The second part of the volume treats the historical narrative. Greg Rowe covers the early empire from 44 BCE-96 CE, Michael Peachin presents the middle empire (96-235 CE), and David Potter deals with the later empire (235-337 CE). Of the three, Peachin expands most on the narrative by using the second part of his chapter to discuss what an emperor in this period actually does. Peachin also provides numerous family trees that help keep the familial participants and their connections straight. All three chapters are well written and take recent historiography into account. The narrative section would have been improved by the employment of a few more maps. While publishers understandably wish to keep down production costs, it is amazing that in a volume of nearly 700 pages there are only two maps, neither of which communicates the period prior to 117 CE.

The administration of the empire is the topic of part three. Clifford Ando focuses attention on provincial administration. Hugh Elton provides a clear and sensible discussion of the reforms credited to Diocletian and Constantine. Nigel Pollard places the Roman military (as an institution and a field) in the broader imperial context and communicates the current state of research on the topic. Maud Gleason and Jonathan Edmondson tackle urban life, the former in the Greek east and the latter in the west. All five chapters are clear and continue the trend of emphasizing interactions between different groups as well as between the center and periphery. Ando and Pollard do a good job of treating the empire as a whole while the last two chapters do not focus excessively on any one city. The earlier discussion of administration in Egypt provides a complementary addendum to this section. The major flaw of part three again revolves around the lack of maps. This omission limits the impact of all chapters, especially the two on urban life. Edmondson's chapter includes various city plans, but these plans lack the broader geographical context that would have been useful.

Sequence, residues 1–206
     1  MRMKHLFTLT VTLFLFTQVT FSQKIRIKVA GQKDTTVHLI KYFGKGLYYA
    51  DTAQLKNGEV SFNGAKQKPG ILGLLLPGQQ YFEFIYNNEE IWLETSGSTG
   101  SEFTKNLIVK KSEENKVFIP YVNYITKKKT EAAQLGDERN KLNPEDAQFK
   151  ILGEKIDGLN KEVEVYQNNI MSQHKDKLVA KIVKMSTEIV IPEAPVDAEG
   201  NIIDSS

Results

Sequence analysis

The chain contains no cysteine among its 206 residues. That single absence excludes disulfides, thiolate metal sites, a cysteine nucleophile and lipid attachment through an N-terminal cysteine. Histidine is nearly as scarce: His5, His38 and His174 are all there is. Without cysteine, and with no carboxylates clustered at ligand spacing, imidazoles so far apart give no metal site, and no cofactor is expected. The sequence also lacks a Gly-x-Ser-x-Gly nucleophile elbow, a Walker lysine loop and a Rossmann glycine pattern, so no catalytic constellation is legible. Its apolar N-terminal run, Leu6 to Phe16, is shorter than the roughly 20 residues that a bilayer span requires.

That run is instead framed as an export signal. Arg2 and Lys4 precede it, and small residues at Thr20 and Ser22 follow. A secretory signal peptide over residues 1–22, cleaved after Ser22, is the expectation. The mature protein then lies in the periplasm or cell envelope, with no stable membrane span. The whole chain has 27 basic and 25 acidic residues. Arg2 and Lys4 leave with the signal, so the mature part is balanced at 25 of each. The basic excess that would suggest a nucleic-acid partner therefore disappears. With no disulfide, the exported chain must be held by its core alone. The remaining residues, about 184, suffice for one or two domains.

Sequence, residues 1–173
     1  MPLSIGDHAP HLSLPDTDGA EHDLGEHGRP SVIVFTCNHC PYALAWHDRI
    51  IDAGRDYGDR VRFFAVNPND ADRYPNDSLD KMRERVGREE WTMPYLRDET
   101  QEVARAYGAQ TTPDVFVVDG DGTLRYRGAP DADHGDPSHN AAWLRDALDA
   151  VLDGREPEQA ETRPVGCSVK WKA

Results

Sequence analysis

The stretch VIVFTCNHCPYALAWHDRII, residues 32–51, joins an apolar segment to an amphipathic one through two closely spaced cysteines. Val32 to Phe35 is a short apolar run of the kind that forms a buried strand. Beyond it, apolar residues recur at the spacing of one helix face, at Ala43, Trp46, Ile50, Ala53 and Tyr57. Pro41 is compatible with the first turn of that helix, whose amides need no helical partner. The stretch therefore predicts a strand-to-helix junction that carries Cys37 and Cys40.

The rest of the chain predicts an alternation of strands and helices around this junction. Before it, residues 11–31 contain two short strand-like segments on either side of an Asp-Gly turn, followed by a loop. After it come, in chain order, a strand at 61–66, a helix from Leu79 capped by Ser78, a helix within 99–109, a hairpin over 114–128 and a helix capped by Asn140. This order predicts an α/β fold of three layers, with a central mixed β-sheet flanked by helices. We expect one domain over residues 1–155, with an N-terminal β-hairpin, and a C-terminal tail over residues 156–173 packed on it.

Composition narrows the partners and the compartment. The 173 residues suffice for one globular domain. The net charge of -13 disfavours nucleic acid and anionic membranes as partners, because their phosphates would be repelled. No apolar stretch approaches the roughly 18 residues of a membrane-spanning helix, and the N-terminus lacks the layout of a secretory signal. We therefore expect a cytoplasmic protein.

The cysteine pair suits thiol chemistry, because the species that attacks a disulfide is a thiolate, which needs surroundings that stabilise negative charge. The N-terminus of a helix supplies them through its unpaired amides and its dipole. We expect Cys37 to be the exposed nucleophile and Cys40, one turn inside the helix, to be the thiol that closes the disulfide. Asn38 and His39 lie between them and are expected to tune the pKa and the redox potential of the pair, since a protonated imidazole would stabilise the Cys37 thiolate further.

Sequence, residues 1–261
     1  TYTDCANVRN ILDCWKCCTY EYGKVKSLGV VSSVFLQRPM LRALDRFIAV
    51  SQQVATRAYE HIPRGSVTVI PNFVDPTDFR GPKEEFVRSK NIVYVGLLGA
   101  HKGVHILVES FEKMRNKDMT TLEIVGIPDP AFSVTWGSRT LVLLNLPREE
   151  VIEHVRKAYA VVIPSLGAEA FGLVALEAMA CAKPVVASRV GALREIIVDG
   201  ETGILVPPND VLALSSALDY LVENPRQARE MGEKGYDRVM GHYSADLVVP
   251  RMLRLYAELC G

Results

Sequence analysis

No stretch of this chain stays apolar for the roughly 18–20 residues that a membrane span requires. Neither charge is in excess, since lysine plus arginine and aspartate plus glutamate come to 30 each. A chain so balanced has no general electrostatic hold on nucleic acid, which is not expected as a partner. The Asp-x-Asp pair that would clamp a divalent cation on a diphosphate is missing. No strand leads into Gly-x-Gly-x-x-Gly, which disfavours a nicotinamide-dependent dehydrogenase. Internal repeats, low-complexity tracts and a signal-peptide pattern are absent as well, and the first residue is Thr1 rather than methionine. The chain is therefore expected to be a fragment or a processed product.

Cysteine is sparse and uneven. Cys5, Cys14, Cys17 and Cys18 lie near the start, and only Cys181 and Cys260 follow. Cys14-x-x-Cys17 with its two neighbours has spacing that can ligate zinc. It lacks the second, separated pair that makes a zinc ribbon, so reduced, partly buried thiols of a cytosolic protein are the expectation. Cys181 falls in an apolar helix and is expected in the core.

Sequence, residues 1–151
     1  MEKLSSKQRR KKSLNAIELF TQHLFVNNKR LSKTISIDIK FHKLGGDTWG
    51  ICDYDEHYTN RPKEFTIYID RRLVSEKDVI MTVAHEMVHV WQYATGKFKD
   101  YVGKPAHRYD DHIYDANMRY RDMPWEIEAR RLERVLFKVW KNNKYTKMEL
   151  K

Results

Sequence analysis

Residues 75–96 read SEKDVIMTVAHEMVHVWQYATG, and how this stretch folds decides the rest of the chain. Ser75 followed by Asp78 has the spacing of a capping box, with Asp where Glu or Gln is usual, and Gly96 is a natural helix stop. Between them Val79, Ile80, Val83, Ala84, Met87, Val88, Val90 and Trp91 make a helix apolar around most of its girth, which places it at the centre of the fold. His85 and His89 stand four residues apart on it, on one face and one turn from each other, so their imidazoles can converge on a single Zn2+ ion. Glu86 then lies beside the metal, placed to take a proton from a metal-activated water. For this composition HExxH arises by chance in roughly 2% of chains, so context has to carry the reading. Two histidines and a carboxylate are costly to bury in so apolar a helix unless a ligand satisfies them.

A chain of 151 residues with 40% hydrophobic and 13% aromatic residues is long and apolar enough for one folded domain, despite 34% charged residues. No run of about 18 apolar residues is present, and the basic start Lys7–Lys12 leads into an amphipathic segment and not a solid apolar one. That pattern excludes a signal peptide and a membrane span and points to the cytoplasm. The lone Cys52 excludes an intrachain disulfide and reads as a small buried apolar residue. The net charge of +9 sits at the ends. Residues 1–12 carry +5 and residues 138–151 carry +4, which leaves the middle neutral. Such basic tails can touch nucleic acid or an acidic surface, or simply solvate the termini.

Part four covers social and economic life in seven chapters. David Mattingly opens this part with his presentation of the Roman economy. In this chapter he introduces the field as well as various aspects of the economy. In chapter fifteen Dennis Kehoe surveys the relationships between landlords and tenants, and the agricultural economy. Judith Evans-Grubbs navigates the Roman family across time and evidentiary problems by focusing on three individuals: the wife in the "Laudatio Turiae", Pliny the Younger, and Vibia Perpetua. In what should be required reading in any class treating Roman society, Amy Richlin dives into the topic of sexuality in the Roman Empire. What sets her chapter apart from the rest is the imaginative manner in which she uses Alfred Kinsey's studies of sexuality to tackle the current state of research on sexuality, while also demonstrating a way of capitalizing on limited evidence and reaching beyond our preconceived notions. Veronika Grimm sets out to explain the unexpected topic of food and consumption. Her chapter is useful for getting a sense for food studies, but it is nearly exclusively literary, devoting too little attention to archaeological reports. Garrett Fagan ably addresses the topic of leisure. He opens with a definition and then introduces aspects of leisure including literature, taverns, banquets, and baths. David Potter contributes a nice chapter on spectacle, which includes games, munera, and theater. He moves beyond focusing on each spectacle in isolation, treating aspects such as the relationship between performers, owners, patrons, and audience members. Like the previous section, this socio/economic analysis suffers from the need to cover more than three centuries. Given the span, the most any of the authors can do is to summarize his or her topic. Although Grimm's chapter is useful for understanding literary treatments of food it is overlapped by Fagan and seems out of place in such a broad Companion. A more surprising oversight is in the lack of discussion about freedmen, slaves, and non-Romans or outsiders. While it is true that Potter should be saluted for trying to move this Companion beyond the traditional discourse of dominance, surely the relationships between these omitted groups and the rest of Roman society merits more treatment than it has received here.